Russian Prime Minister Vladimir Putin's political party, "Yadinaya Rasiya" (United Russia), will open a branch in Israel, marking the first time ever that a Russian party will have an official mission in the country.
Likewise, Israel's ruling party, Kadima, is slated to open its own branch in Moscow. The party already has offices operating in France and the United States. The move is aimed at boosting the party's support among Russian-speaking voters who are eligible to vote in their native country's elections and mostly tend to back Putin's party.
Nonetheless, the move has aroused criticism within some circles in Kadima. Some party members question the wisdom of forming an alliance with Russia's ruling party in light of the escalating tensions between Moscow and the West over the recent Russian-Georgian hostilities.
Kadima party functionaries familiar with the initiative told Haaretz that even though it is acceptable for political parties to form "sister party" relationships along the lines of the Socialist International, they view as problematic the forming of such a union with a party viewed by many as totalitarian in nature.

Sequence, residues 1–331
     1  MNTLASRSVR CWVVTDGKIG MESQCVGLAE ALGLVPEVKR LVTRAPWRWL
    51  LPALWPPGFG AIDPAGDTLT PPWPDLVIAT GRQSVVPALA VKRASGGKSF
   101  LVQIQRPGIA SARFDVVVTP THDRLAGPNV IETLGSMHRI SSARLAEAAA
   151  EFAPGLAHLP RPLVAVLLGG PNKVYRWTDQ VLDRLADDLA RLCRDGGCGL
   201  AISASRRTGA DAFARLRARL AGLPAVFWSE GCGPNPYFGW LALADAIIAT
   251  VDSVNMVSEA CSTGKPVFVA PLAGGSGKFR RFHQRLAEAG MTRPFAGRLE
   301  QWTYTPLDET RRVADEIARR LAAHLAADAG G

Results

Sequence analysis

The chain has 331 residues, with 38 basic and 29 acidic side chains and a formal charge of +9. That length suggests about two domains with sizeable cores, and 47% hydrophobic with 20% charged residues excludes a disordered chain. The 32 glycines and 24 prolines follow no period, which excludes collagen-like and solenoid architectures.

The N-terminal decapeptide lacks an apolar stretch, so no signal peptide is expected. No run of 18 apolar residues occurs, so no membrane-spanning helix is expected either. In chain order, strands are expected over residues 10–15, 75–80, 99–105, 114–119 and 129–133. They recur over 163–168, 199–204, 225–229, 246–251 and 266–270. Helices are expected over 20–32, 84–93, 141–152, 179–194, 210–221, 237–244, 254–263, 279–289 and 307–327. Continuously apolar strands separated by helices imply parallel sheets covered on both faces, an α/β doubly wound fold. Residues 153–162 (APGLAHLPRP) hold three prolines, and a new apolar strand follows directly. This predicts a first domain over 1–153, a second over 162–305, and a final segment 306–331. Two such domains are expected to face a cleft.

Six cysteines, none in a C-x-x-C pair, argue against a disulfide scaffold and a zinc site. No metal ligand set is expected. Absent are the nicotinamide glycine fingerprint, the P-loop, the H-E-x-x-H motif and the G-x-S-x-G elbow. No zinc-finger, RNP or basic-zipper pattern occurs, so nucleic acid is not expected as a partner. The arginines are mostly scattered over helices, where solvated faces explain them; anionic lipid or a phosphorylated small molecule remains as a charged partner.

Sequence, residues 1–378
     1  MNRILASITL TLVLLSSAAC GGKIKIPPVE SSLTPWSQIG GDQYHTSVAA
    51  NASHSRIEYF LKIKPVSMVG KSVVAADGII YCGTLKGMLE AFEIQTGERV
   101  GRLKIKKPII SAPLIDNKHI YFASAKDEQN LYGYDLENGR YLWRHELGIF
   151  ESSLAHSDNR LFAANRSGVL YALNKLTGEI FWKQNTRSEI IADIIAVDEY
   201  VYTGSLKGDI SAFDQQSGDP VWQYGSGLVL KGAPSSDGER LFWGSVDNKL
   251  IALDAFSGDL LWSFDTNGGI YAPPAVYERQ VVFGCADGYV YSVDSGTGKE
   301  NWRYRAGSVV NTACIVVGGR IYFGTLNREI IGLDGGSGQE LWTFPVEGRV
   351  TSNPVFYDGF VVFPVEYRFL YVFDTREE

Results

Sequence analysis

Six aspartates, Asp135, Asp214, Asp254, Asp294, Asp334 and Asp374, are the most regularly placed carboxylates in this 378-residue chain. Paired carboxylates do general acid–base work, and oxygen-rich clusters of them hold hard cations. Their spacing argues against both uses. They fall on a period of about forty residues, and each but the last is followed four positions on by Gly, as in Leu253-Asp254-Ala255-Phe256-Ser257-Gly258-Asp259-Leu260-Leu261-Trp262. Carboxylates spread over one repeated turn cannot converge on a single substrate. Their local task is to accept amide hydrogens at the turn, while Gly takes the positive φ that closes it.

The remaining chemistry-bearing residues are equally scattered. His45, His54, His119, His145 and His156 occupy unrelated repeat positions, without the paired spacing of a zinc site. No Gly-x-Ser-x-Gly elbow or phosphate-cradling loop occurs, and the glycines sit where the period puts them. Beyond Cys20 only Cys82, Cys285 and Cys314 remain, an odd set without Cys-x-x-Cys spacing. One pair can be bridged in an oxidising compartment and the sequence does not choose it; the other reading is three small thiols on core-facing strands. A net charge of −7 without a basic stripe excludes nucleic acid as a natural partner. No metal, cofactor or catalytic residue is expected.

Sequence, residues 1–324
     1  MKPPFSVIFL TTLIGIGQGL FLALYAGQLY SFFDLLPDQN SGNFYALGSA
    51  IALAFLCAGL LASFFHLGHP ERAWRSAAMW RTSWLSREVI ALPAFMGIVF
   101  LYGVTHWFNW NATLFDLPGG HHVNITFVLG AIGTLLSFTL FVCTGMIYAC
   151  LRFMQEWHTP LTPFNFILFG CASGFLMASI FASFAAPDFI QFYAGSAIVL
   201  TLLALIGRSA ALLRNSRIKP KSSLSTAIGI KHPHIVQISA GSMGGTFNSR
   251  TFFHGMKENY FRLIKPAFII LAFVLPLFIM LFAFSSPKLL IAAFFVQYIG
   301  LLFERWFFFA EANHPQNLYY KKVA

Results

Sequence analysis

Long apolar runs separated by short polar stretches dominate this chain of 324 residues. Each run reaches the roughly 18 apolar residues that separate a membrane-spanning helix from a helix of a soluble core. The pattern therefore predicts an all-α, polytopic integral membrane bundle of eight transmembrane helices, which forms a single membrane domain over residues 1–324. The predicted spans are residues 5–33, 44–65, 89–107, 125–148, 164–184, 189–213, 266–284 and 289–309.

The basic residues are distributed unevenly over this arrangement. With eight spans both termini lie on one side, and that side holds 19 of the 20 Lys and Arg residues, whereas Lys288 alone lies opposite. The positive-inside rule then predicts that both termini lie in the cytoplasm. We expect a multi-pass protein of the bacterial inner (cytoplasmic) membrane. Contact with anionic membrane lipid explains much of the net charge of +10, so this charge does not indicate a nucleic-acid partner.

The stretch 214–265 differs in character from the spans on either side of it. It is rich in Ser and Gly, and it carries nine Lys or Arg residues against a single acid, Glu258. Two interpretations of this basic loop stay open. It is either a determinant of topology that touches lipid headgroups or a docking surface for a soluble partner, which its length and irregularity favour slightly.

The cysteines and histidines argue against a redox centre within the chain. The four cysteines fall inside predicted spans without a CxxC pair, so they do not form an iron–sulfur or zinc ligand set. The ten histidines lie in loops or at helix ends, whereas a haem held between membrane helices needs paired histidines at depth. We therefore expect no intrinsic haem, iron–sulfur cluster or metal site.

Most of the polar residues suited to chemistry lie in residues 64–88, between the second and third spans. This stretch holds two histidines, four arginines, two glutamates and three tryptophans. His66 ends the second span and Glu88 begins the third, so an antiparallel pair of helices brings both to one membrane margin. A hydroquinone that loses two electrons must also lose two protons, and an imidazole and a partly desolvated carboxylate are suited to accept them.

Last week, a top Kadima official responsible for enlisting the support of immigrants from the former Soviet Union, and who is now performing a similar function for Foreign Minister Tzipi Livni's campaign, departed for Russia.
The official, Nada Chozoy, met with the chairman of the Duma's constitution committee, Vladimir Pligin, to finalize details of the arrangement. Although the two sides initiated the discussions more than one year ago, it was only in recent weeks that talks advanced to the implementation stage.
An aide to MK Yoel Hasson, who chairs the World Kadima movement, said the idea for forming an affiliation agreement with Putin's party was hatched well before the outbreak of fighting in Georgia. Hasson said he sees no difference between opening a Kadima branch in Moscow and the presence of Likud and Labor Party branches in other parts of the world.
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